Monday, November 01, 2010

Aotearoa/NZ: Education ‘Reforms’ pave way for privatisation Pt 2

Part Two: Secondary Teachers’ Struggles

What is the crisis in education? It’s the crisis that the bosses don’t want to pay with their taxes that are a drain on their profits, because they don’t need universal, compulsory, state funded education to produce enough workers, when it is cheaper to resort to funding cuts, user pays, performance pay for teachers, and to get the private sector to run schools.  The trend towards privatisation began with Labour’s Tomorrow’s Schools in the 1980’s and National’s bulk funding during the 1990’s.  It has been given new life by the current National/Act Government which wants to introduce performance pay for teachers and to turn our schools into Public Private Partnerships.

In the last issue we looked at cuts in publicly funded early childhood and adult education, and at how National Standards at primary schools could lead to league tables and increasing inequality between schools. We wrote about the struggle of the New Zealand Educational Institute, Te Riu Roa, (NZEI) the primary and early childhood teachers’ and support staff’s union, to stop National Standards.

This time it is the secondary teachers in the Post Primary Teachers Association (PPTA) who are on the front lines of defending public education; demanding decent pay for teachers, and safe quality learning and teaching conditions. 

With the appointment of Rodney Hide from the Act Party as Associate Minister of Education the need for a fight back to save public education is stronger than ever. In the long run, this can only be achieved by abolishing the capitalist system altogether. Capitalism will always try to exploit human creativity to maximise private profits rather than meeting social needs, especially so in times of crisis such as today. Education is no exception.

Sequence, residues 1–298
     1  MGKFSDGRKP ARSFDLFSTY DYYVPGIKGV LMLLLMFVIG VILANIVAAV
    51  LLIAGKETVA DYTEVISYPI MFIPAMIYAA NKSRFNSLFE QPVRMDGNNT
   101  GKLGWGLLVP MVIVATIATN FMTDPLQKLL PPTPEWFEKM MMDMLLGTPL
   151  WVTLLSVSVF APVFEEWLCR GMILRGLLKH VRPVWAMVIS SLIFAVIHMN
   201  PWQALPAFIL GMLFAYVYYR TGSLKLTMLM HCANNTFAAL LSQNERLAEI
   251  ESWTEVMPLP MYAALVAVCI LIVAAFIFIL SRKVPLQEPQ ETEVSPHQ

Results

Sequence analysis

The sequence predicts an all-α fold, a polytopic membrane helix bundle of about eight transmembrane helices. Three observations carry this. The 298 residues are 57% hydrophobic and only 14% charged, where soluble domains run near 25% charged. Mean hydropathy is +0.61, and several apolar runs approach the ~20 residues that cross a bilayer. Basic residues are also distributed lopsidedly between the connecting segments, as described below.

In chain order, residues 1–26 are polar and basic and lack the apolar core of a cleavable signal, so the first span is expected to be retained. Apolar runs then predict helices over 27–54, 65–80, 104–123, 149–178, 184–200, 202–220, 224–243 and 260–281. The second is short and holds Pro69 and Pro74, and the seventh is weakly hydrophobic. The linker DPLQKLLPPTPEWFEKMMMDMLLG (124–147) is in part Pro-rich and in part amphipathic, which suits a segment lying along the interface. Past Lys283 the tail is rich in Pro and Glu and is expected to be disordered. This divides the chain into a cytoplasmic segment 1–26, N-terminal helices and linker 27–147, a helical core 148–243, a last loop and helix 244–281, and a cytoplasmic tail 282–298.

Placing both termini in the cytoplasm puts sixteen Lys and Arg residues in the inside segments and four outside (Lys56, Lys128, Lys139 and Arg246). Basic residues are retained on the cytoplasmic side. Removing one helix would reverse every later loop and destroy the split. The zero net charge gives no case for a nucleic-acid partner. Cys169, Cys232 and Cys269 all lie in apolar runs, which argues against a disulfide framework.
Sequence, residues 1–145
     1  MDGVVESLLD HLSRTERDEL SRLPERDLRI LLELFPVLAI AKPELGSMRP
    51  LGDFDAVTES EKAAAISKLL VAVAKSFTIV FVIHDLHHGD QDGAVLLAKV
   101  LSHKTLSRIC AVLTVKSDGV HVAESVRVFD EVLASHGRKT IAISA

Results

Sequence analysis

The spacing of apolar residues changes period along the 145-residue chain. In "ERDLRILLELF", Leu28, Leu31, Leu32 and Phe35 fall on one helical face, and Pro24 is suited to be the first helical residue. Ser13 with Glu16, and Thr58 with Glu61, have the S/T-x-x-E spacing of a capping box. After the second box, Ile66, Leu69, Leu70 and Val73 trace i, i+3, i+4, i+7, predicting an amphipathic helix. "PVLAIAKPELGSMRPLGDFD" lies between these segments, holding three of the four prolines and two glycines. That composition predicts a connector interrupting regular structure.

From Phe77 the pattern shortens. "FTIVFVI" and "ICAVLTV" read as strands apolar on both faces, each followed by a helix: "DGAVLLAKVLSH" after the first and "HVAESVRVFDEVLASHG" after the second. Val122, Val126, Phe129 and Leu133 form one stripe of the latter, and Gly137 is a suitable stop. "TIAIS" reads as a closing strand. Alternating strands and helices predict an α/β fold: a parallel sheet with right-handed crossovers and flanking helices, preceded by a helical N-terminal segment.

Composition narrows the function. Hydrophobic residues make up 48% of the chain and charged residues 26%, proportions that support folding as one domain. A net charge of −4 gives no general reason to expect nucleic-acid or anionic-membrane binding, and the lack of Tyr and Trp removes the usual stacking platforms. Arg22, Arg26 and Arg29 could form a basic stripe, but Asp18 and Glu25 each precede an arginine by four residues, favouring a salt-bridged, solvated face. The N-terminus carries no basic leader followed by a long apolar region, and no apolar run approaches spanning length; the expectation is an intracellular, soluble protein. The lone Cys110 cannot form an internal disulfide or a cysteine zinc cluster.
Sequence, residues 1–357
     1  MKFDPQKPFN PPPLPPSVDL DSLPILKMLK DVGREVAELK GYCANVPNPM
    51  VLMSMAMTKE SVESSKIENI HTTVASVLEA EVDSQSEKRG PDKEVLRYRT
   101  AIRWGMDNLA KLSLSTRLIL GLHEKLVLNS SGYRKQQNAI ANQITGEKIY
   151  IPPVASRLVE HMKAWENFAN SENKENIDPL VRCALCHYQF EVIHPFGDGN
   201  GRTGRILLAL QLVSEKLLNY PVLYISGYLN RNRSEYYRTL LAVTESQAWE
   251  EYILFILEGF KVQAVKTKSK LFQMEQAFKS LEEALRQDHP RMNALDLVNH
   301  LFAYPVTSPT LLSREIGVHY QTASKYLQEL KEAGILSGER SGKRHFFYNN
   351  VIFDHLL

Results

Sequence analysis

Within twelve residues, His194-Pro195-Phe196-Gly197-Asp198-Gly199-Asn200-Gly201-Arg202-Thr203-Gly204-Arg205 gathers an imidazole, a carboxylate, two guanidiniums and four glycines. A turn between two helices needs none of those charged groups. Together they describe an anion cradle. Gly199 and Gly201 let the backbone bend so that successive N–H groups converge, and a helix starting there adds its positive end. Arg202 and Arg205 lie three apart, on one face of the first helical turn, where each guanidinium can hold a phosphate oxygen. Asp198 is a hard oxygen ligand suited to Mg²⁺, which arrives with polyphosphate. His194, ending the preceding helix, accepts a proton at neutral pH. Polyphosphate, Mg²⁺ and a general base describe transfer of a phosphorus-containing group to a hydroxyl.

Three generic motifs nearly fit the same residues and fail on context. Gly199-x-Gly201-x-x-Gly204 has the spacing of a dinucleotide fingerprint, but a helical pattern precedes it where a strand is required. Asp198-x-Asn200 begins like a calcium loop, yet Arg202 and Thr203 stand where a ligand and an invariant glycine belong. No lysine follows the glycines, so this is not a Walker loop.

Secondary Teachers Strike for Public Education

After months of unsuccessful struggle for improved wages and conditions, 95% of the members of the Post Primary Teachers’ Association (PPTA), the secondary teachers’ union, voted in favour of a strike.  On 15th September, PPTA teachers went on a one day strike for a 4% salary increase, reduced class sizes, a safe school environment, better teacher recruitment and retention, and an end to claw backs from the Ministry of Education.

Teachers rallied in centres across the country. 1,000 teachers in Wellington marched to Parliament, and 2,500 teachers in Auckland rallied in Albert Part then marched down to Queen St., grinding it to a halt on their way to Queen Elizabeth Square.  The one-day strike was the first in eight years for the Post Primary Teachers Association (PPTA) and it affected about 280,000 students from more than 450 secondary and intermediate schools.

The PPTA asked Boards of Trustees to donate their missed day’s pay to the Canterbury Earthquake The government is offering teachers only a 1.5% salary increase.  PPTA President Kate Gainsford said that remuneration alone would not solve the pressure put on teachers by growing classes and a bigger workload under the NCEA system.  Teachers, who are required to redesign new standards, have described their current workload as “insane”.

New Zealand teachers are among the lowest paid in the OECD, yet John Key is “disappointed” that they are not prepared to accept the “real word” of public sector low pay and cuts in order to help pay for the capitalist crisis and fund its privatisation agenda. This includes an education staffing budget cut of $95 million over four years in the 2009 budget, at the same time as increasing spending on private schools by $36 million.